It's Not About the Internet (22 October 2019)
In the policy realm what we call “Internet issues” are not actually “Internet” issues&mdashthey are well-pedigreed social, political, cultural,
and economic issues, for which we clever technologists have provided a rich new environment in which to grow and multiply. It follows that the people best prepared
to tackle “Internet” issues may be thoughtful professionals in fields such as behavioral psychology, linguistics, sociology, education, history, ethnology,
and political science&mdashnot (exclusively) “Internet experts.” Interisle principal Lyman Chapin suggests a broadly interdisciplinary approach to what have
traditionally been considered “Internet” issues in an article that appears in the
50th Anniversary issue of the
ACM SIGCOMM Computer Communication Review.
Worth reading: "Moving the Encryption Policy Conversation Forward" (20 September 2019)
On September 10, the Encryption Working Group—convened under the auspices of the Carnegie Endowment for International Peace and Princeton University—issued a constructive
and wise report titled "Moving the Encryption Policy Conversation Forward"
This report directly addresses the increasingly heated debate over use of encryption technologies to protect privacy contrasted against the needs expressed by law enforcement
to be able to conduct criminal investigations and protect public safety. Instead of adding further heat to this on-going debate, the Encryption Group has wisely recommended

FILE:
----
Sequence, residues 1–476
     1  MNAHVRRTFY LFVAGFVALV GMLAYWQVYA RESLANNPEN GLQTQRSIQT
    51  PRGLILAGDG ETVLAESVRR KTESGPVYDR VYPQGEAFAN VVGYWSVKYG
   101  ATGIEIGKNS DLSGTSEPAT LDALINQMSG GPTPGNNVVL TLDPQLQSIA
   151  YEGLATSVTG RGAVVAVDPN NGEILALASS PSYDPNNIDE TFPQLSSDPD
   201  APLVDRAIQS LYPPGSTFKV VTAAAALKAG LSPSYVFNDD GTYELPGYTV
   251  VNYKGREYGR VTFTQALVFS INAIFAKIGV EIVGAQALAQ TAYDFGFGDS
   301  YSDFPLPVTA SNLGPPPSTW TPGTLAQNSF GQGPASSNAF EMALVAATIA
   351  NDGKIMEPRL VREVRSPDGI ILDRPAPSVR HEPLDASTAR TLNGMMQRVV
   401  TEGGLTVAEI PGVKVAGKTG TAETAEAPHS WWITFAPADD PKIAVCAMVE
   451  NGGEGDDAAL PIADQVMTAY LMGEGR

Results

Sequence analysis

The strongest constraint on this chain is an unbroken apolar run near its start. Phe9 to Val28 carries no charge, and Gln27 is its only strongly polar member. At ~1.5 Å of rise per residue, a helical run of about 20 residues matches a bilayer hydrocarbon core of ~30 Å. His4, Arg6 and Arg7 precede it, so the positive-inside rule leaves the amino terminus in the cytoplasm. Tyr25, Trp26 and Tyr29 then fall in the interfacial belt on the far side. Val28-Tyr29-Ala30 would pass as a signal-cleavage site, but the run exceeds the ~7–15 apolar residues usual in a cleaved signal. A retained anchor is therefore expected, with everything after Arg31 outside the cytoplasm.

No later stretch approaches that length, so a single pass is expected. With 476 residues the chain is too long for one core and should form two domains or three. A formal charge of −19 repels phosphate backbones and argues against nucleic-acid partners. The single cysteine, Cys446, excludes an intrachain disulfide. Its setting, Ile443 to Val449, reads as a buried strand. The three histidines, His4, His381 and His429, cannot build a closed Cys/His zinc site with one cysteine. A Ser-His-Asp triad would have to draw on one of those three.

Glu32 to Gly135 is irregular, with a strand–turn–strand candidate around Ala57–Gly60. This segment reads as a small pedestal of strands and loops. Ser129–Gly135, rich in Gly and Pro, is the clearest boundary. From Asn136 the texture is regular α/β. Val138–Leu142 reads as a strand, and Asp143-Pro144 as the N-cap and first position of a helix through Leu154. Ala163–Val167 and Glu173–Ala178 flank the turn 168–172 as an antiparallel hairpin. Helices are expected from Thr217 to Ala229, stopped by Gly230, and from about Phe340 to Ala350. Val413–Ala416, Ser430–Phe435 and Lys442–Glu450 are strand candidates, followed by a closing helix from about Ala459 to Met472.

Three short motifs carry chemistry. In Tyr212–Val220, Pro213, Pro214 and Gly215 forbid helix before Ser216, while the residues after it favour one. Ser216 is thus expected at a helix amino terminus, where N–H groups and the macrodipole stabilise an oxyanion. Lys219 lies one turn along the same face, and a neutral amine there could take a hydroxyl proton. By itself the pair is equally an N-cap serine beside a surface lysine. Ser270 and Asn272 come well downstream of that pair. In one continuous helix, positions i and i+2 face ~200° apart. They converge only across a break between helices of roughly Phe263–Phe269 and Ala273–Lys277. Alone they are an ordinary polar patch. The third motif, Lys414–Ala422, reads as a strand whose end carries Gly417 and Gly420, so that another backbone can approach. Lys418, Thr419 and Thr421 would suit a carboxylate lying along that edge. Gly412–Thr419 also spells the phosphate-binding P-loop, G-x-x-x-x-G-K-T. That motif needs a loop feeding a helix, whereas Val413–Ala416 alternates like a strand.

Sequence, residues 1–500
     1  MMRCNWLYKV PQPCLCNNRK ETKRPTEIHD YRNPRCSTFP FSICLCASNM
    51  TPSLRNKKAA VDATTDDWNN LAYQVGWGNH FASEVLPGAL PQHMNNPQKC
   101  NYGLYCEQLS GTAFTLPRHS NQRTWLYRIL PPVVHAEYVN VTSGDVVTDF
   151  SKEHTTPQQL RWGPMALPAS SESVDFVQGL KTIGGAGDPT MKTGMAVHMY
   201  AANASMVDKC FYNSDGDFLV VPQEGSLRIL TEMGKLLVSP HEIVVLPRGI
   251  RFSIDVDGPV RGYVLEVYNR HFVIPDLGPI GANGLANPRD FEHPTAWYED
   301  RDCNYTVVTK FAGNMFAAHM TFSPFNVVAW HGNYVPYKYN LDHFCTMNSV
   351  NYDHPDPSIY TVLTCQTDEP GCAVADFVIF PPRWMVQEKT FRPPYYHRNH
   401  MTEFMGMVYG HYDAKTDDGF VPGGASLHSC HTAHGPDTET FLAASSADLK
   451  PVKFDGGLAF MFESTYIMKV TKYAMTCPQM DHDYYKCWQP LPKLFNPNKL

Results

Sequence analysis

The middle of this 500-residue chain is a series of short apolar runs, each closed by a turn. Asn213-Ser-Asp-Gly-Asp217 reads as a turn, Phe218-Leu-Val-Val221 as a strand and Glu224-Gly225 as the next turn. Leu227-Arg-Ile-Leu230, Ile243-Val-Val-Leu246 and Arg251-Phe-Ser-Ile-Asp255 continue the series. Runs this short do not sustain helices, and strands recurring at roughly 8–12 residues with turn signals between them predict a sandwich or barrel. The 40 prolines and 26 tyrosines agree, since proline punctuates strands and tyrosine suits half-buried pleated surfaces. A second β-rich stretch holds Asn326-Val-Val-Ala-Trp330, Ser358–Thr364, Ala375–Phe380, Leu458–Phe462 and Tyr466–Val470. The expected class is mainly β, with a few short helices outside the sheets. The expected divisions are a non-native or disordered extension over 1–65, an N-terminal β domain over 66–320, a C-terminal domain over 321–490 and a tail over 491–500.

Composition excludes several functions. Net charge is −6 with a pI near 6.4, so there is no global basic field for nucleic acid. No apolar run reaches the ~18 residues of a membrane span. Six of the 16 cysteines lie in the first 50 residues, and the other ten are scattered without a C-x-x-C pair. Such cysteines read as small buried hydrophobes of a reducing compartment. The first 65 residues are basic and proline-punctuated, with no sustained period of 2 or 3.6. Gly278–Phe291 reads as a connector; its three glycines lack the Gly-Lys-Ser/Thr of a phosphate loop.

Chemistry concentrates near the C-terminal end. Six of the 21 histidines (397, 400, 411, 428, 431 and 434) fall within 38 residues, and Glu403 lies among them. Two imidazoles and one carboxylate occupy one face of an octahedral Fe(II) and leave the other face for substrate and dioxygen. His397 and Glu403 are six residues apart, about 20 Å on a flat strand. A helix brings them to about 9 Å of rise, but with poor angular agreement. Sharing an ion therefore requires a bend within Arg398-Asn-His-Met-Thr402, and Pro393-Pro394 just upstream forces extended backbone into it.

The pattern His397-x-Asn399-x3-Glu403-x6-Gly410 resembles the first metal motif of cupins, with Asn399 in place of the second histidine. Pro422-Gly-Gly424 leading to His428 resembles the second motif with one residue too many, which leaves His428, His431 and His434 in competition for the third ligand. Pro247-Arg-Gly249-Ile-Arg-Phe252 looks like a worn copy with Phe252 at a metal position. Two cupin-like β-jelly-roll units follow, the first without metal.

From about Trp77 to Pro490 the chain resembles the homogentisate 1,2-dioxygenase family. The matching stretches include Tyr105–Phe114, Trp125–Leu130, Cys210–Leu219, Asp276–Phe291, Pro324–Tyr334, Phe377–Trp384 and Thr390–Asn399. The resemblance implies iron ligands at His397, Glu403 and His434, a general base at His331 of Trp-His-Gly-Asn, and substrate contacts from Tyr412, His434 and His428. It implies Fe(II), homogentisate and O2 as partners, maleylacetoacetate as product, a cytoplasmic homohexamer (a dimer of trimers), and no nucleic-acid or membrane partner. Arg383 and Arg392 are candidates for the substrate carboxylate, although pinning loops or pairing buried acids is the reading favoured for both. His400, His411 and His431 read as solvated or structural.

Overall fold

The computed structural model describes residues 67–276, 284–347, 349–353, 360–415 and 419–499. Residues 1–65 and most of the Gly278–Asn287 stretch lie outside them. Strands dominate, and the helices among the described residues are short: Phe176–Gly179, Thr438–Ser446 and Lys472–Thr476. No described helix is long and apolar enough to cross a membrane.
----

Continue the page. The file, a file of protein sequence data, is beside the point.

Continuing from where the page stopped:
toning down the rhetoric, and instead focusing on problems where feasible solutions can be developed that resolve not just technical issues, but also conform to rational
policies and core principles. This offers a hopeful way forward where polarized debate can be replaced with constructive cooperation toward concrete results that would benefit
individuals and society at large. We hope this report is read by all players concerned with issues of privacy and legitimate access by law enforcement.
Exposing and Documenting Abusive Internet Behavior (29 April 2019)
Today's Internet is increasingly polluted by malware, phishing, scams, and other forms of abuse that degrade the online environment on which so much of our economic,
social, and political lives rely. These abuses erode user confidence and inflict serious harm on individuals and organizations in every part of the world. Countering
them is at the top of everyone's list. But accurate information about abusive behavior on the Internet is surprisingly hard to obtain. This frustrates efforts to protect
Internet users from abuse, and to change the environment in positive, lasting ways.
ICANN's Domain Abuse Activity Reporting (DAAR) project is a system for studying and reporting on abusive
behavior across top-level domain (TLD) registries and registrars. But DAAR reports only aggregated data on gTLD registries; it does not associate any metrics directly
with specific registries, does not include information about registrars, and omits ccTLDs entirely. As such it does not give organizations or individuals the information
they need to make decisions about how to safely and efficiently interact on the Internet. Achieving a safer Internet requires a trusted, neutral, public clearinghouse